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Can cattle learn to eat weeds in the field?

Cattle can in some situations learn to eat weeds directly in the field using a relatively simple method of adaptation.

Angus cow pleased with eating docks. Photo: Marianne Sjuve Seekjær.
Angus cow pleased with eating docks. Photo: Marianne Sjuve Seekjær.

A pilot study on “Interactions between animals and plants – focusing on the weed dock (Rumex crispus & Rumex obtusifolius),” has shown that cattle can learn to eat docks directly in the field by means of a relatively simple method of adaptation. From nature’s side, cattle are rigid when it comes to feed preferences; however, by means of this method, they can expand their feed preference to include weeds like docks.

Docks are hard to control

Controlling docks in grassland areas is hard, and it includes both control of the mature plant and avoidance of seed setting and new sprouting. The most often used methods when trying to control docks are to use herbicides or to do a complete reseeding of the affected area.

Need for alternative methods

There is a need for alternative methods for how to control docks. This applies especially to organic farmers who are not allowed to use herbicides, but also to farmers using grazing cattle for nature management in areas where they are not allowed to use herbicides or to reseed the areas.

Test of method of adaptation using beef cattle

Originally, the American Kathy Voth invented the method, which was adopted to the conditions and limitations in this pilot study, conducted during two summer periods in 10 beef cattle herds. The method of adaptation was running for seven days, of which feed will be provided twice daily during the first three days in troughs placed in the field. During the last four days, feed will be provided once daily in the field. During the seven days, various feed topics were introduced as a snack to expand the animals’ choice of feed. Along the way, the type of weed that is intended to learn the animals to graze was also introduced, to accustom the animals to the taste and texture of the weed.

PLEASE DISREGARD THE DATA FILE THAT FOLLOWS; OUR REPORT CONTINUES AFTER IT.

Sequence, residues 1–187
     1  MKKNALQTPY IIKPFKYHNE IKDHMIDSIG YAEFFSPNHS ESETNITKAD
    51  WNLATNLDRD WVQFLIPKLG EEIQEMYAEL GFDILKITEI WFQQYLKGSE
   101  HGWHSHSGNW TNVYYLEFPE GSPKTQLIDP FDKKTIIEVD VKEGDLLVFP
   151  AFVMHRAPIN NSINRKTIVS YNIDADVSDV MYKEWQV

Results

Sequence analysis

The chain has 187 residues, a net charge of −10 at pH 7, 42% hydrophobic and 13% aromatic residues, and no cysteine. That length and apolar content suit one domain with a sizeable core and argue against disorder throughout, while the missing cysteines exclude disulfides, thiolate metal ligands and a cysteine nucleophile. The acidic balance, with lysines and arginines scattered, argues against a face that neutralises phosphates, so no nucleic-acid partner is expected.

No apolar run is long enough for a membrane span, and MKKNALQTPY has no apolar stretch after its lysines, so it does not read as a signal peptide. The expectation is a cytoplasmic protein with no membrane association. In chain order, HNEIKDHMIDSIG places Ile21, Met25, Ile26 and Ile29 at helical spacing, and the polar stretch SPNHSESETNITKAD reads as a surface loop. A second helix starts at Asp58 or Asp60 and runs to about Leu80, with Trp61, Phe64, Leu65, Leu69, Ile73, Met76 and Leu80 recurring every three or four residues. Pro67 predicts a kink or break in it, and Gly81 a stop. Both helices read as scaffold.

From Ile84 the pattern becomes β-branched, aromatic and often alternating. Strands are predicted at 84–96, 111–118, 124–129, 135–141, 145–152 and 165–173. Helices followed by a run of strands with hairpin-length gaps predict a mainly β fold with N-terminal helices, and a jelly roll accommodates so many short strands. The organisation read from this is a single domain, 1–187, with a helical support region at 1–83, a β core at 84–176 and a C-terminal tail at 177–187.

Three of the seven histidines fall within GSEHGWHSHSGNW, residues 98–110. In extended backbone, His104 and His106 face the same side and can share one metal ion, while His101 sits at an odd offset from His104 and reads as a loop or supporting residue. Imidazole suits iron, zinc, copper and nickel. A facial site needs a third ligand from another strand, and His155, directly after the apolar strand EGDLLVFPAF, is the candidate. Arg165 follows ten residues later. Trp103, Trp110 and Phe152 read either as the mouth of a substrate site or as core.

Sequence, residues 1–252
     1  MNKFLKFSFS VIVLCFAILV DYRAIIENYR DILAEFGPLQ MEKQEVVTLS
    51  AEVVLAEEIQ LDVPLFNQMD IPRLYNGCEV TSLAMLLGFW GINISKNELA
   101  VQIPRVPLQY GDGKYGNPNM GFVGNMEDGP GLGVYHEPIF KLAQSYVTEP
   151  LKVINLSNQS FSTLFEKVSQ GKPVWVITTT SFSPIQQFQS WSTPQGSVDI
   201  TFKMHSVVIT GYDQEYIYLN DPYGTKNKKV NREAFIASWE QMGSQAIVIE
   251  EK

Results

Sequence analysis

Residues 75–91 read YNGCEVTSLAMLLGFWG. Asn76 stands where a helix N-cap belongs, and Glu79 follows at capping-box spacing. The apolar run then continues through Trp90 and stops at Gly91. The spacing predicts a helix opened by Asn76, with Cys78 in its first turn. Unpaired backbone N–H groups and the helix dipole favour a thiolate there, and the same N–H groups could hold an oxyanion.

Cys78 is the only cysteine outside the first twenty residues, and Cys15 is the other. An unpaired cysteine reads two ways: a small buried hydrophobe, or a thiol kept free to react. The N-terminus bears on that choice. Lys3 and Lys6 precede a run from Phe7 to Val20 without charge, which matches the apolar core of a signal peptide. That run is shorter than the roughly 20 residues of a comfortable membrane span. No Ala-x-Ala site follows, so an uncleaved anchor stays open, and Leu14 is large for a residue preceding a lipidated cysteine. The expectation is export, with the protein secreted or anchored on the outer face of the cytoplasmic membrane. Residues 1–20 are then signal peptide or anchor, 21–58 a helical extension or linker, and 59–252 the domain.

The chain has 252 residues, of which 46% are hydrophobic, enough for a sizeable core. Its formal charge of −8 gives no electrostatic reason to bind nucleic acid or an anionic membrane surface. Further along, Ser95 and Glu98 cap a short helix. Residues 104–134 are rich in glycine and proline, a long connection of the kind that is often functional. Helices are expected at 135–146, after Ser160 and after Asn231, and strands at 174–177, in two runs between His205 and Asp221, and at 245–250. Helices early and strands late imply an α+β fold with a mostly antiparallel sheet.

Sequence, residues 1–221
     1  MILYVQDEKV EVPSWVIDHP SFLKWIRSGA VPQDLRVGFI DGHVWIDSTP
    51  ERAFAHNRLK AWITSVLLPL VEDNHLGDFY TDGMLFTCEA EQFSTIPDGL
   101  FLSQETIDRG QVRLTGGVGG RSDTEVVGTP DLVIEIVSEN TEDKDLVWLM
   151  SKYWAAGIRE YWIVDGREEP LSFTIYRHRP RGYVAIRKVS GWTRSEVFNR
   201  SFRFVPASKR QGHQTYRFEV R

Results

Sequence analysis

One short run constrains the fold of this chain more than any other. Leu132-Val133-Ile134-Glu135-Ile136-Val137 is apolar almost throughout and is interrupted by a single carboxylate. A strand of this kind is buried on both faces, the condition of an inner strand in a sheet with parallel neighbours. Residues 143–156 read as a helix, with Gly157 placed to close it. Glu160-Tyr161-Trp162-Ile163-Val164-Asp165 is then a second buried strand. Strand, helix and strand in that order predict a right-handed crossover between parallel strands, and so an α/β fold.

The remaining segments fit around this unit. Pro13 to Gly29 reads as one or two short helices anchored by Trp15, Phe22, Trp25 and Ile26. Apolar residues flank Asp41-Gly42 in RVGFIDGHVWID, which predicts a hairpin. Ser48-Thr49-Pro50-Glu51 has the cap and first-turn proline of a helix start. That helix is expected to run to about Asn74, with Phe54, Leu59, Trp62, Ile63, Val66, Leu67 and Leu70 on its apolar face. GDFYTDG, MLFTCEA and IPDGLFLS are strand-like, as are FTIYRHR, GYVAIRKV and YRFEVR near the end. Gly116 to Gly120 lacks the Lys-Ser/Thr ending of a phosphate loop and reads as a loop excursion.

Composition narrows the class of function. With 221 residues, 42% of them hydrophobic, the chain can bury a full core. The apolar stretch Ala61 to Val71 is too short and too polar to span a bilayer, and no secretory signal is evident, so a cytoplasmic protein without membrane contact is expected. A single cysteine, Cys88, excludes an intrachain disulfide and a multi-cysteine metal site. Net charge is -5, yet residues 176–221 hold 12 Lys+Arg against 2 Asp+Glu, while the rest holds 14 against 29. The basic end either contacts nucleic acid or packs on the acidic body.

The experiment defined three general criteria for success:

1st criterion for success:   Can the cattle learn to eat the docks provided in feed troughs?

2nd criterion for success:  Can the cattle learn to eat the docks directly from the field?

3rd criterion for success:   Do cattle, who have learned to graze docks, still include docks in their feed preference after a period of stay in the stables or in other fields without docks?

The method of adaptation was implemented with success

It turned out that in all herds cattle learned to eat docks in the trough, while in two of the cases, cattle  learned to eat docks directly in the field. The herds where cattle learned to eat docks in 2019 were visited again in 2021, and it turned out that in one of the herds the cattle still grazed docks thus having docks as part of their feed preference after two periods with indoor feeding.

It seems that the greatest success is achieved if the amount of docks in the field is relatively high. In the successful cases, the proportion of docks accounts for around 20% of the area of the field. Furthermore, the best results were achieved if the leader of the herd, e.g. an older cow or bull, shows interest in the docks fed in the troughs and in the end is one of the animals that learn to eat docks directly from the field.

Docks have a relatively high content of oxalic acid. If grass or other feed topics are also available together with the grazing of the docks, the intake of oxalic acid does not pose a problem according to the literature.

Yderligere oplysninger

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Type of study

The study is elaborated as a finishing master project from the master education in agrobiology from Aarhus University.


The project is partly funded by Velas and Landboforeningen Kronjylland.
Aarhus University has conducted the analyses of plant samples for the project.


The project has been written in cooperation with Velas.

Troels Kristensen, Department of Agroecology, Aarhus University, and Martin Riis Weisbjerg, Department of Animal Science, Aarhus University, have been supervisors on the project.


Marianne Sjuve Seekjær

E-mail: mseekjaer@gmail.com


Troels Kristensen, Institut for Agroøkologi, Aarhus Universitet

E-mail: troels.kristensen@agro.au.dk